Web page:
Madden: Satisfying the demand for mobile data

Joe Madden

     Joe Madden

Everyone has seen the famous Cisco VNI curve, which shows mobile data demand doubling every year for the next four years. Mobile video and Web applications are heating up the airwaves, and the geometric growth of the market won't stop anytime soon.

Such strong growth in mobile data demand is great news for operators, but it also poses problems. The primary issue is, in most countries, that mobile operators have allowed consumers to become accustomed to "unlimited" data plans. No problem, if your network is only 20 percent utilized…but with rapid growth in demand, the networks are quickly hitting their limits in capacity. When your customers expect to get more of your product for free, it's time to "re-educate" them. That process will take a long time due to the competitive forces in each regional market.

There are multiple technical problems as well:

New spectrum is the best way to add capacity because the industry can reuse existing towers and increase capacity quickly and easily. In many cases, new spectrum has not been released quickly enough to keep up with data demand. We're counting on government regulators to move quickly! Obviously we need a Plan B because the release of new spectrum will never move quickly enough.

New macro base stations can be added to the network, but setting up a new tower is time-consuming and can take three to five years.

Adding more high-power base stations also would add interference to the network. From a technical point of view, "densification" of the macro network will have limited improvement in capacity before hitting the ceiling.

Wi-Fi offload is an attractive option, but many operators have been waiting to see the outcome of "Hotspot 2.0" before investing heavily in Carrier Wi-Fi networks. We will see the outcome of first-generation 802.11u/Hotspot 2.0 devices in the second half of 2012. Expect Wi-Fi offload to take care of about 25 percent of mobile data growth but not all of it.

Small cells are coming together, with high-capacity chipsets and software solutions in various tests and trials now. Backhaul solutions and some software solutions (such as soft handover) are not yet integrated well enough for operators to "fire and forget". At a conference last week, two operators complained to me that there are no small cell solutions that they can simply buy and deploy immediately.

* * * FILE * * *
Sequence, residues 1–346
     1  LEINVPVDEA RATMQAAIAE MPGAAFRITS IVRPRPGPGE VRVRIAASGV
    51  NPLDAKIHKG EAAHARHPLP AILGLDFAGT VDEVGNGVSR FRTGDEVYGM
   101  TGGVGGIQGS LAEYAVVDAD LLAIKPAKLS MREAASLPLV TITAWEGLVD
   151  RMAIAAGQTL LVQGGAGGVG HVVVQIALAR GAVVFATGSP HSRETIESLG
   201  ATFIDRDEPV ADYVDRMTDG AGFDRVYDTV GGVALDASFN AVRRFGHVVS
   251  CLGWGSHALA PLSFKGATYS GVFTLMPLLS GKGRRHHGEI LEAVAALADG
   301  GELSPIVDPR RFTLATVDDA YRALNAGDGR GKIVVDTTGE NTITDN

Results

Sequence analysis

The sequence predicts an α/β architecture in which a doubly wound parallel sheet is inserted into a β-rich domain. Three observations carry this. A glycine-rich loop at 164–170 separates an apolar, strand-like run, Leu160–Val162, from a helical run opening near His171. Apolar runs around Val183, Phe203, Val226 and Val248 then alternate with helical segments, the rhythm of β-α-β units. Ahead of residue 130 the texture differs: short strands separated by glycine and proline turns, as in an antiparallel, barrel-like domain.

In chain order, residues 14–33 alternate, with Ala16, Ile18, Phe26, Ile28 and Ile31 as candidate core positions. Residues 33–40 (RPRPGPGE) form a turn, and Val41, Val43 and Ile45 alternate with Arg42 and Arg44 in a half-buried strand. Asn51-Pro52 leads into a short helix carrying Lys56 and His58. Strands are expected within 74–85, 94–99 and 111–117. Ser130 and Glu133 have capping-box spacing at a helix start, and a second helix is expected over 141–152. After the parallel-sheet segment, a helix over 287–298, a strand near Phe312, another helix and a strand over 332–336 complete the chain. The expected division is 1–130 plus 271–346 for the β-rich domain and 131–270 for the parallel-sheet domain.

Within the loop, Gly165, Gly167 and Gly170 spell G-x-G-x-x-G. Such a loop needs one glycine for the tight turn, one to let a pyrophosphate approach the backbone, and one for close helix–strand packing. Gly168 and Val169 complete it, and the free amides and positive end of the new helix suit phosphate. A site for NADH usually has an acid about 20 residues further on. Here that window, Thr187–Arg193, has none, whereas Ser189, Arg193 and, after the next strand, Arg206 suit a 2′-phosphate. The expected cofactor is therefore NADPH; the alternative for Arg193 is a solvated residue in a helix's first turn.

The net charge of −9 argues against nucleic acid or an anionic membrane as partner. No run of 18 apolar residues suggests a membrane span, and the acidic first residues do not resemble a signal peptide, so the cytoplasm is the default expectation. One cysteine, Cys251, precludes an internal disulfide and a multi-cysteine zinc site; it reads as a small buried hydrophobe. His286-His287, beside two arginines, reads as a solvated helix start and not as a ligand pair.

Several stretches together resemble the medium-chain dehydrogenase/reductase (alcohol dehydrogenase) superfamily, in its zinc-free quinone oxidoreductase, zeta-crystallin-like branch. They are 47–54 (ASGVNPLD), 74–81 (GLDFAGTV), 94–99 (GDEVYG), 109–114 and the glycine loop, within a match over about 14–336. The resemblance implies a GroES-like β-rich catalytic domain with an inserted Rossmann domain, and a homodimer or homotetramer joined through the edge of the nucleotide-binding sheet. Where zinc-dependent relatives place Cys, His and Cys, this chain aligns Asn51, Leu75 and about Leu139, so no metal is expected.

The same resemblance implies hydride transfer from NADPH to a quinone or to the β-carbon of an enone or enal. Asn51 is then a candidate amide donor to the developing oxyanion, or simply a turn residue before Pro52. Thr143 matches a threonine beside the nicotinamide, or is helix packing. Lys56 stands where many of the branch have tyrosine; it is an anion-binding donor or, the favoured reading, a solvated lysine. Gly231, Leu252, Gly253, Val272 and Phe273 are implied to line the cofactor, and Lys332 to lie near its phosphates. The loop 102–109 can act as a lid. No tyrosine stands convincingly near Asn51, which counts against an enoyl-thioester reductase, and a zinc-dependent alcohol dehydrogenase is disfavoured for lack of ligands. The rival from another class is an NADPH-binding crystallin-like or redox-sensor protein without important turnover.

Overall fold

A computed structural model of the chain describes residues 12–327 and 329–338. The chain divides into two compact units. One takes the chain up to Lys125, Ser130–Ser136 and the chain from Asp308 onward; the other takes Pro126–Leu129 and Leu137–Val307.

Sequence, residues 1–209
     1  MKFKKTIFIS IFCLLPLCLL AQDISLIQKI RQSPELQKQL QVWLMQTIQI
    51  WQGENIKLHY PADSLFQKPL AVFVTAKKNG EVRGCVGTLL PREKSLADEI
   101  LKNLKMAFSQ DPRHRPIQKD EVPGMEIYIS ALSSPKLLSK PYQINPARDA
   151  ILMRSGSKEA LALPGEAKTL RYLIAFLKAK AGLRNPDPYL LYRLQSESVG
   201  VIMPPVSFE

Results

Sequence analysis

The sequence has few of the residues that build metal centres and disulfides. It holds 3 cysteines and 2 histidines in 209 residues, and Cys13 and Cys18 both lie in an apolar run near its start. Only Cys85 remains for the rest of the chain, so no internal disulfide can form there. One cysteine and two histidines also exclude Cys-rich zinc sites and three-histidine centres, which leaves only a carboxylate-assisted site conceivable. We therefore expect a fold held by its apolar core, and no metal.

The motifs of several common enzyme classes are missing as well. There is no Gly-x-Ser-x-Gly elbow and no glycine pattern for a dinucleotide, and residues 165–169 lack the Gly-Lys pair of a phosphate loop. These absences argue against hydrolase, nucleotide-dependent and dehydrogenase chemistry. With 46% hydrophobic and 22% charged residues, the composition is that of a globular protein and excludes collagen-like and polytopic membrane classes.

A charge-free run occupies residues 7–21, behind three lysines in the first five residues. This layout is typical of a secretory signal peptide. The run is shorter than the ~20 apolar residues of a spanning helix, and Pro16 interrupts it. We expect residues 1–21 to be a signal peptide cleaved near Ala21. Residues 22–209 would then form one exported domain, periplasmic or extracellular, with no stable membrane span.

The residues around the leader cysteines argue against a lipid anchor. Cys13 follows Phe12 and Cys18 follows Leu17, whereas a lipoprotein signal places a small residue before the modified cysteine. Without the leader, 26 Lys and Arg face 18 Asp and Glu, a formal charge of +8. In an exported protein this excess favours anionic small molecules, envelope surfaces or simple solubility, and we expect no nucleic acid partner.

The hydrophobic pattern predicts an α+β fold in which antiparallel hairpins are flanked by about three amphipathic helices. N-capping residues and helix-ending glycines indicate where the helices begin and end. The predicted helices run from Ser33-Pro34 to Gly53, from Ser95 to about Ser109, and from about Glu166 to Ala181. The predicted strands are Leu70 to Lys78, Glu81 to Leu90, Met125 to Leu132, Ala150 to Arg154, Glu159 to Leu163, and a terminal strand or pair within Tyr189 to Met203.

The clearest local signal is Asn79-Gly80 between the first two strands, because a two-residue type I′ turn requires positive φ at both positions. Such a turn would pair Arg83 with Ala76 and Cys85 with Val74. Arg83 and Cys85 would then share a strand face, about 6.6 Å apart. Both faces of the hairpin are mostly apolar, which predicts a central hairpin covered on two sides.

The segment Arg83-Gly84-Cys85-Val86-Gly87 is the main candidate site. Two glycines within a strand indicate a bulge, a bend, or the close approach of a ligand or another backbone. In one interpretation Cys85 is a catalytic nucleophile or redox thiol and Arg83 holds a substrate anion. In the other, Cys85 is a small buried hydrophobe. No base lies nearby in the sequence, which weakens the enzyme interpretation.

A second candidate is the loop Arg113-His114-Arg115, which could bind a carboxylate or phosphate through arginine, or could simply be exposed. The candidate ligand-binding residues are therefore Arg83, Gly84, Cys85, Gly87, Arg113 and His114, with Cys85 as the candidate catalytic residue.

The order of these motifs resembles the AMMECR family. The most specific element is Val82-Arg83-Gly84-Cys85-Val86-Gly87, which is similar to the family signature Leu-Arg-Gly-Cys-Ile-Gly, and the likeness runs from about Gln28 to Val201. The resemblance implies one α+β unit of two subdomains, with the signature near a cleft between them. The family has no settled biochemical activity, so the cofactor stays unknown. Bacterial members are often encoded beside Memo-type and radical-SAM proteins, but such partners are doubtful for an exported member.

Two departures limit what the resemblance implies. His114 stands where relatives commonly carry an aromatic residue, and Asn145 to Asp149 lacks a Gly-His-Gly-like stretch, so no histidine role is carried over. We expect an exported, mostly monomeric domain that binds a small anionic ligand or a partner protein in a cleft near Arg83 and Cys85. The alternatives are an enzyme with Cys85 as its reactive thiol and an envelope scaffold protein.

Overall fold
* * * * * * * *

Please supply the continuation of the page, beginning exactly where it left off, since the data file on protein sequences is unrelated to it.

The bottom line is that mobile operators won't be able to move fast enough to stay ahead of the looming data tsunami. Like a surfer that doesn't paddle fast enough, we won't catch all the power of the wave. This means that, while mobile data capacity has always been higher than demand in the past, an increasing number of sites will not have adequate throughput for all users. There will be more data demand than supply, and operators will not be prepared.

global mobile data

(Note that in the chart above , we are indicating that during 2009 and 2010 the supply and demand are essentially equal. This has been roughly true for the heavily loaded cells in some metro areas, where networks reach 100 percent utilization for about one hour every day. Of course, for the majority of base stations, radio capacity remains far above demand today. This example focuses on the metro areas where data density is a problem.)

There is no law of physics that forces supply to increase to meet demand. Instead, mobile operators could simply raise their prices! In fact, recent moves have been made by Verizon Wireless, Vodafone, and NTT DoCoMo to shift users toward pay-as-you-go data services. This is a step in the right direction, because "unlimited" is an unsustainable model for the industry.

On the other hand, in competitive markets, there are alternative mobile services that remain with unlimited plans. That's the sticky part. Verizon will not be able to simply raise prices because their customers have two or three alternatives. Similarly, NTT DoCoMo, Vodafone, Reliance and many other operators have competitors that will keep them honest.

Mobile Experts predicts that 2015 will be a big year for small cells, not because of technical maturity or because small cells are cheaper than macrocells. The Mobile Experts Small Cell Forecast is based on our expectation that mobile operators will have unhappy customers in 2014, and they will be forced to invest in quick solutions to their urban capacity problems. Bring on the picocells with seamless software and integrated wireless backhaul!

Joe Madden is principal analyst at Mobile Experts LLC. He is a Silicon Valley veteran, with 23 years in mobile communications, navigating through IPOs, LBOs, divestitures, acquisitions and mergers. He leads the analysts at Mobile Experts, focusing on nitty-gritty analysis of mobile communications and semiconductor markets. Madden graduated, cum laude, from UCLA in 1989.

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